The Defense Intelligence Agency put together a 34-page intelligence reference document for some reason that talks about warp drives, dark energy, manipulating dimensions, and other terms that fall more in line with a Star Wars plot than intelligence analysis.
Although the DIA report doesn't mention little green men, flying saucers, or anyone saying "take me to your leader," it does examine space travel through worm holes and other theoretical possibilities that could lead to humans and aliens someday meeting.
"If one is to realistically entertain the notion of interstellar exploration in timeframes of а human lifespan, а dramatic shift in the traditional approach to spacecraft propulsion is necessary," the authors write.
The paper goes on to discuss two "loopholes" in Einstein's speed limit for travel — the speed of light — that would require the manipulation of spacetime: wormholes and warp drives.
That's right, Luke Skywalker. Hand Chewie that Harris wrench over there and get the motivator cleaned up, because we're getting this hyper drive working now.
"The warp drive — the main focus of this paper — involves local manipulation of the fabric of space in the immediate vicinity of the spacecraft," the paper says. "The basic idea is to create an asymmetric bubble of space that is contracting in front of the spacecraft while expanding behind it. Using this form of locomotion, the spacecraft remains stationary inside this 'warp bubble,' and the movement of space itself facilitates the relative motion of the spacecraft."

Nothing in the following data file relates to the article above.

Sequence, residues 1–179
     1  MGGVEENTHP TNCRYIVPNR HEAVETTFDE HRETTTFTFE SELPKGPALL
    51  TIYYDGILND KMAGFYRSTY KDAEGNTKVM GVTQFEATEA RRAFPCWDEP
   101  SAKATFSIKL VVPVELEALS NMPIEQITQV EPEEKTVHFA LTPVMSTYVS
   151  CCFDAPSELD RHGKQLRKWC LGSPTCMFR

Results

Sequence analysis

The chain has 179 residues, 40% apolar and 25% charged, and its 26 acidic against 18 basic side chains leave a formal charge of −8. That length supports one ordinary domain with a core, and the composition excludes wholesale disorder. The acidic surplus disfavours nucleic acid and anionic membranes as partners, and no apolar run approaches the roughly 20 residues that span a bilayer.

This theoretical warp drive could speed astronauts, colonists, or — we can only hope — Space Marines to some far off land in minutes, rather than years.
For example, the paper says of transiting at 100 times the speed of light, one could travel from Earth to Mars in 193 seconds; to Neptune in 4 hours; or to the Orion Nebula — 1,599 light years away — in just 1.3 years. Not bad.
The $22 million study of UFOs, of which this paper was a part, was said to have ended in 2012 — although some claim the funding dried up but the research continued into 2017, according to The New York Times.
U.S. Cyber Command is reportedly going on offense against Russia's power grid by placing "potentially crippling malware" in its systems, The New York Times reported Saturday.
The cyber incursions, authorized to Cyber Command under new authorities that do not require presidential approval, have gotten more "aggressive" and seem to be a warning that the U.S. can respond to Moscow's past cyberattacks, such as the 2016 incursion into the Democratic National Committee and its attack on Ukraine's power grid.
DUBAI/WASHINGTON (Reuters) - The United States on Friday blamed Iran for attacks on two oil tankers at the entrance to the Gulf and said it was seeking international consensus about the threat to shipping, despite Tehran denying involvement in the explosions at sea.
The Navy has named a female president of the U.S. Naval War College for the first time in its history just days after ousting her predecessor amid allegations of excess spending and inappropriate behavior.